"Most artists have clear signs on their shop windows as you stroll past on the street: Digital Photographer; Conceptual Sculptor; Plein Air Painter. There's no sign on Couzens's building. Despite a long and celebrated career Couzens does not have a signature style; she's worked with drawing, sculpture, installation, painting in myriad ways. Like many artists today, she uses whatever medium helps her best solve the problem on which she is working. To some extent she could also be considered an artists's artist. That is, she has the respect of her peers, and students, and a circle of collectors for her consistently intelligent and rigorous body of work, but a wider general public is less aware of her work than would be expected given the level of professional esteem in which her work is held. The status of not having a signature style and being an artist's artist is not a comfortable one. It contains an inherent mixed-message that is a formula for discontent. Many artists fall into that category because they make work that: entails skills that are hard to appreciate by non-practitioners; is dry, esoteric or plain; is particularly hard to live with for collectors; demonstrates a breakthrough insight that is not yet understood outside the world of artists; or is of great subtlety…In all cases the language of the message is clear: you're in the presence of a rigorous and not uncourageous artist in her prime."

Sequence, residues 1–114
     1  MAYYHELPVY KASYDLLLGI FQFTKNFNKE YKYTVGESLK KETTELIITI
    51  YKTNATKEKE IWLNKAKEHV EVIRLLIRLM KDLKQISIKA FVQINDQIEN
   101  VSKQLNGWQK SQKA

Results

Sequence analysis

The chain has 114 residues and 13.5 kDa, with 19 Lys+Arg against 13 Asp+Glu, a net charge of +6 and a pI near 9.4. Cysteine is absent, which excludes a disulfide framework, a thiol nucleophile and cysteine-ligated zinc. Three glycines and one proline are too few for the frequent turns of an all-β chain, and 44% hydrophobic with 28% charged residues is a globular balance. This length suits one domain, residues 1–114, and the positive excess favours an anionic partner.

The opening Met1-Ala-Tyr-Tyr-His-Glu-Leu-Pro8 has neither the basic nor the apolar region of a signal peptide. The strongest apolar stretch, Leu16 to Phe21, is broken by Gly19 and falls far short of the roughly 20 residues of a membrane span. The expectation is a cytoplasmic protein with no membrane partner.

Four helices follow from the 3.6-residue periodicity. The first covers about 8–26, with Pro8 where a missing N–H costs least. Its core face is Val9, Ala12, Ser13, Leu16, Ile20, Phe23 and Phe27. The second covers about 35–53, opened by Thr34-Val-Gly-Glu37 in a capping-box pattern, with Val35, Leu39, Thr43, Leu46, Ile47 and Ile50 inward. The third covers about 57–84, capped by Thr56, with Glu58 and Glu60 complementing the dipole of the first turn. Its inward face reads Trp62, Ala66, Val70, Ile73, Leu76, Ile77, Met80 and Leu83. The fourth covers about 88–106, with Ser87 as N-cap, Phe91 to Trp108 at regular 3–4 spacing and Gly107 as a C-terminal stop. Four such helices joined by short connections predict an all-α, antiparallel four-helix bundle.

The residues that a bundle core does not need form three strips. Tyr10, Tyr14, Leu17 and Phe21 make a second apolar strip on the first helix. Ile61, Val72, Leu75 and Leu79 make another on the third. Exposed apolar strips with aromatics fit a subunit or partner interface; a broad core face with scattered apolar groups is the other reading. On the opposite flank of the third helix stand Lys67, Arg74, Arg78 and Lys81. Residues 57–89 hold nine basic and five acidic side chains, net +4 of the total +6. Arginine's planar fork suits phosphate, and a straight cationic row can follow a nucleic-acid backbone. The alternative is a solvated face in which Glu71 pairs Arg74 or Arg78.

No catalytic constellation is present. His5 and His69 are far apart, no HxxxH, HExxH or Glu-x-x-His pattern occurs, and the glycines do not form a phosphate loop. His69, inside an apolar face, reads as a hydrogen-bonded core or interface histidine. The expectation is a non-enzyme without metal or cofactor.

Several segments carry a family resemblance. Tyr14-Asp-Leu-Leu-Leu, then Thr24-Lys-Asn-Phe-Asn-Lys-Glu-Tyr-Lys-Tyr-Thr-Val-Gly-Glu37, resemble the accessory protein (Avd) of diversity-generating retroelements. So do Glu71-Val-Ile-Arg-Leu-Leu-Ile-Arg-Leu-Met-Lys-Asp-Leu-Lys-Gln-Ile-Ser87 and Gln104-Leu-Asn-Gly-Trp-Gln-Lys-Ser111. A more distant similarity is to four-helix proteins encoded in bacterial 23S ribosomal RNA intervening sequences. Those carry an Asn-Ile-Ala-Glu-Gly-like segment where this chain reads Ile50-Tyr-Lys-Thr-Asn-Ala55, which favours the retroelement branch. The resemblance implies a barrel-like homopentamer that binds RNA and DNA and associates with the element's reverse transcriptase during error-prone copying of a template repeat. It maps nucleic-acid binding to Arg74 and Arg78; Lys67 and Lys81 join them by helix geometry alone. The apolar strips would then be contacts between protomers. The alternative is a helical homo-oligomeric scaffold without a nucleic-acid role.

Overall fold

Renny Pritikin is a independent curator. He was Formerly the director of the Richard L. Nelson Gallery and The Fine Arts Collection at UC Davis. Before that he was the chief curator at Yerba Buena Center for the Arts in San Francisco. He has taught in the graduate program in curatorial practice at California College of the Arts, San Francisco, since its inception in 2003.